“Government doesn’t have the wherewithal to keep up with business and keep current with trends,” Troijan said. “New building products are coming out all the time, it would be daunting for government to keep up with it,” he said.

Two cities — San Francisco and Philadelphia — have adopted legislation related to B-Corporations. In San Francisco, public benefit corporations (B Corps) get an incentive in the procurement process, similar to formulas used to incentivize contracts for female- and minority-owned businesses.

In Philadelphia, as many as 25 companies certified by B Lab are eligible for up to $4,000 in tax credits annually against the gross receipts portion of the city’s Business and Income Receipts Tax. The measure was approved in 2009 but is available in tax years 2012 through 2017, accepting applications started in February 2013. There are approximately 38 certified companies based in Philadelphia, according to B Lab’s website. There were 19 applicants this year, all of which were approved. Eleven have received the credit so far, five are pending and three are on hold for compliance issues, according to Mark McDonald, press secretary for Philadelphia Mayor Michael Nutter. So far, the total credit granted is more than $12,000.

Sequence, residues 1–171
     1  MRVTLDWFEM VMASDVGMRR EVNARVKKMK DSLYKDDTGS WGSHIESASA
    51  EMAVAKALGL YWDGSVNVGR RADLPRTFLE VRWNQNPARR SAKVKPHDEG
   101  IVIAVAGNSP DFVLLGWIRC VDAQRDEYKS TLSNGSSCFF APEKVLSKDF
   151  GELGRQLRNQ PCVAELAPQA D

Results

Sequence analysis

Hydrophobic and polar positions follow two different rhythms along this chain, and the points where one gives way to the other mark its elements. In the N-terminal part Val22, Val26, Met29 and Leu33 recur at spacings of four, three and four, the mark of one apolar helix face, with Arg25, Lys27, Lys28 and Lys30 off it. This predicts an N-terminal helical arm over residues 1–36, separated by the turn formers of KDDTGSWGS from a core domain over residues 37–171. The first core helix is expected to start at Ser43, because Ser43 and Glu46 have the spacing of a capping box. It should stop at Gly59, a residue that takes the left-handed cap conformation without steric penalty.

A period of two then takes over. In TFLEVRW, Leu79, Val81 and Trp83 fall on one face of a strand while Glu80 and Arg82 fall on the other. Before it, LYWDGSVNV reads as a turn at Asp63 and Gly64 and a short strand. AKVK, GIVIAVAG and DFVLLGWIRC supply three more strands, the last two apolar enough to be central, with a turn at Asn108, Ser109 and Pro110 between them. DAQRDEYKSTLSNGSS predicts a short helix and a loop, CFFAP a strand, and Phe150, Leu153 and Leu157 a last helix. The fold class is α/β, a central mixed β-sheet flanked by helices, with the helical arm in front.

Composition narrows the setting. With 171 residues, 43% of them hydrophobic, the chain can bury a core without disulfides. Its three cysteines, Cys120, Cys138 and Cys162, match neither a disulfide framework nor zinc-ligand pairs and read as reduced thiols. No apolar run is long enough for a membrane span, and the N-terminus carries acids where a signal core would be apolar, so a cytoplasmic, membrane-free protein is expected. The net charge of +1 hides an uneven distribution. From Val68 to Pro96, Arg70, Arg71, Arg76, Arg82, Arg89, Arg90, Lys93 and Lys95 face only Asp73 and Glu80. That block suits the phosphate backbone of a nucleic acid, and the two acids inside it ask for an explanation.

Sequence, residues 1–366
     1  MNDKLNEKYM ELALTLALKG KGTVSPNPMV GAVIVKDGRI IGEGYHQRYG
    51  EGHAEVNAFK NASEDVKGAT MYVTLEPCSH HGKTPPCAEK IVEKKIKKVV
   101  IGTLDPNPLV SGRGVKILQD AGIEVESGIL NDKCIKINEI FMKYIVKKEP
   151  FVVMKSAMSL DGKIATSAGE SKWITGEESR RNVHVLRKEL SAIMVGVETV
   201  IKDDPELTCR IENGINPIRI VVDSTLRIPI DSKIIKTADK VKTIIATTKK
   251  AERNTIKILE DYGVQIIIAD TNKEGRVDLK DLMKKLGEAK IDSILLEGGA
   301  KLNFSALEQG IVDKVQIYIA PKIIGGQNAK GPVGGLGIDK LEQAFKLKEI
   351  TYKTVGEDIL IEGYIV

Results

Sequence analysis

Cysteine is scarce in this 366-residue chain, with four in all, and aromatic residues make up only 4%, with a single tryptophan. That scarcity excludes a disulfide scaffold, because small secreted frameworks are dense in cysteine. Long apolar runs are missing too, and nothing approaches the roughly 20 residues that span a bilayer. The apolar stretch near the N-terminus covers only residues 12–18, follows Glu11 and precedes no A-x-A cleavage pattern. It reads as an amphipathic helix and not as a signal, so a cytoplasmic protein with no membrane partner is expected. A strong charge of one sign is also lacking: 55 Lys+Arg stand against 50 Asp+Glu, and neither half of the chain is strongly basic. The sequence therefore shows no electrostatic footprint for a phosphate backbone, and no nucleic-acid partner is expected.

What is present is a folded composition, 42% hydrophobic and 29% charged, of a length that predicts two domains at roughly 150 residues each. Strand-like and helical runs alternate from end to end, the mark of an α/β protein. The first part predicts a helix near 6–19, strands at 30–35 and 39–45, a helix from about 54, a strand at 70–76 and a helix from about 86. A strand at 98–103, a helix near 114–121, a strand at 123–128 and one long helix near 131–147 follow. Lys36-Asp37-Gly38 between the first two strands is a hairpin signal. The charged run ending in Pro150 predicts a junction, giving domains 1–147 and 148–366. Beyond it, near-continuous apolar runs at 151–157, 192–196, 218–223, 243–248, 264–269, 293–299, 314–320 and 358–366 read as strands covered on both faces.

Count Phil Buchanan among the skeptics when it comes to B Corps. “If as so many ‘shared value’ proponents suggest, there is no trade-off between pursuit of profit and pursuit of social impact, then why would tax incentives be needed? If, in fact, there is a trade-off, and there is a case to be made that some firms in a competitive bidding process are doing more social good than others, than make the case for this being a criteria in the procurement process,” said Buchanan, executive director of the Center for Effective Philanthropy in Cambridge, Mass. “But a tax credit? I don’t get it.”

To be eligible to complete the assessment, a for-profit must be in operation for six months. Troijan estimated that 10,000 companies have taken B-Lab’s impact assessment, which looks at five categories:

  • Governance;
  • Impact on employees;
  • Impact on the community;
  • Impact on the environment; and,
  • Overall generic specialty impact.

There are 200 points that can be earned. A company must score 80 points to obtain certification, however, there are 20 different variables for how a test can be given, based on the industry, according to Troijan. There are many similar questions but not all questions are the same, with the queries tailored to industry and size. For instance, a service provider with 20 employees would take a different test than a 1,500-employee manufacturing company.